I’ve had long hair for as long as I can remember. By ‘long’, I mean at least down to my décolletage, and in the last five years or so I had managed to grow it almost down to my waist. The reason I kept my hair long was to try and minimize my frame, which is bigger and more top-heavy than the average Asian woman’s, so I figured that the bigger my hair looked, the smaller i.e. skinnier my body would appear.
And then for some strange reason, I was gripped by the sudden urge to try having short hair again. I say “again” because I’m sure I must have had short hair at some point in my life, probably when I was very young and it was decided for me that short hair made my already round face even rounder. Nevertheless, I decided some time last year that I would like to try it again; after all, terms like ‘long bob’, or ‘lob’, were coined to bridge the gap that makes all the difference between a regrettable bob and safe-length hair.
But as always, I was crippled by the fear of ending up with a short haircut I might regret and have to spend years growing it back out. So when I went to my usual salon on Christmas Eve, it was with the intent of just trimming my split ends. However, as I sat idle in the hairstylist’s chair and allowed my mind to wander freely, I found myself dwelling on a couple of things that had been distracting me of late, and before I knew it, I was so agitated that when my hairstylist finally came over to tend to me, I told her to chop it all off.
I once read somewhere that getting a drastic haircut is like going bungee-jumping: the first leap is always the most terrifying, but when you realize it’s not so bad, it’s easy to get addicted to it. That was definitely how it worked for me with bungee-jumping, and I was surprised to discover that cutting my hair kind of had the same effect. I was positively rocking back and forth in my seat before my hairstylist made the first snip, but soon after that I was trying to convince her to keep cutting, until she actually had to tell me that she would only cut my hair until it hung a little past my collarbone, in case I found it too short later.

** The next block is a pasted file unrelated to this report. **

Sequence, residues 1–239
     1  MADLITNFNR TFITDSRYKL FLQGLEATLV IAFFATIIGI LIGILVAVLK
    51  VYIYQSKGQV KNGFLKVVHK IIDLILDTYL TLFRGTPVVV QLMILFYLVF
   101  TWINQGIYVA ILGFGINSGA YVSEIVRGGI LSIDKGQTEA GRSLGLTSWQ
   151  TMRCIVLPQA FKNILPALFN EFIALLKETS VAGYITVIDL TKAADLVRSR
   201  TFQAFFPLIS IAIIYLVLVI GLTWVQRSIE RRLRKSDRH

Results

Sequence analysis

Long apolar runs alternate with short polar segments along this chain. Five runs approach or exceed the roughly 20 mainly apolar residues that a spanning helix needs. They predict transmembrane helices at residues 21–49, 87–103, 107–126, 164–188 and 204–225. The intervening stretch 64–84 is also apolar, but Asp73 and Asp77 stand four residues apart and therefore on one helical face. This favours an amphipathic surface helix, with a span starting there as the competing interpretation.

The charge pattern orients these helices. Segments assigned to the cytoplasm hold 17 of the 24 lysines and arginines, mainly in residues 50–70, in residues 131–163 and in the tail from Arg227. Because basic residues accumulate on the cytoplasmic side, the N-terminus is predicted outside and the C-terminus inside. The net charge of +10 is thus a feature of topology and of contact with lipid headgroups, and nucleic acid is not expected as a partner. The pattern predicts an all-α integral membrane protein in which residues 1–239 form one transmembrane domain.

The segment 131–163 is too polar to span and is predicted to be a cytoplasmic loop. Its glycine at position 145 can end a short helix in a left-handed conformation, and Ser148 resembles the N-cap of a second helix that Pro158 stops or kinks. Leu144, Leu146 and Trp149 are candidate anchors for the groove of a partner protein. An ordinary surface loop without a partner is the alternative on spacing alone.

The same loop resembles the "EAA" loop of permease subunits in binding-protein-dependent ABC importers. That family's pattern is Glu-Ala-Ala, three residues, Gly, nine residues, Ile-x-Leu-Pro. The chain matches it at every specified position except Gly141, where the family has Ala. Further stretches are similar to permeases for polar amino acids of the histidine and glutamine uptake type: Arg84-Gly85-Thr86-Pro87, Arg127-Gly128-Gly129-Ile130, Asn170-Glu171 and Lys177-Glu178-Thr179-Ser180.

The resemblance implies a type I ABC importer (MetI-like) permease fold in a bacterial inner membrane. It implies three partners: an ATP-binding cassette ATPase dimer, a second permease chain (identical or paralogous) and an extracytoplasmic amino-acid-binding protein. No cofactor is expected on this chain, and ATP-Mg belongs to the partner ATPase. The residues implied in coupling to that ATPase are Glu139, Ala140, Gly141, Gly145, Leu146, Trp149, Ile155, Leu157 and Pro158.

In the immediate aftermath of taking those eight inches off, I felt impossibly light; it was literally as if a weight had been taken off my shoulders, and it didn’t hurt that people around me kept telling me how much younger and happier I looked. Buoyed by this feedback and the illusion of liberation the short hair had left me with, I went back last Sunday to cut it even shorter, and now my hair rests just on my collarbone. It’s true that the absence of hair covering my shoulders makes me look even broader than usual, but for now I’m too busy trying to make sure my hair doesn’t flip outwards like most bobs do, to worry too much about trying to look thinner.
In the short term, I’m happy to maintain my hair at this length, especially if I can lose weight again (even though my thrice-weekly workouts are making that damned near impossible). And while I have a sneaking suspicion that before long I’ll end up missing my long hair, it’s a nice change not to have to watch my hair falling out before my very eyes.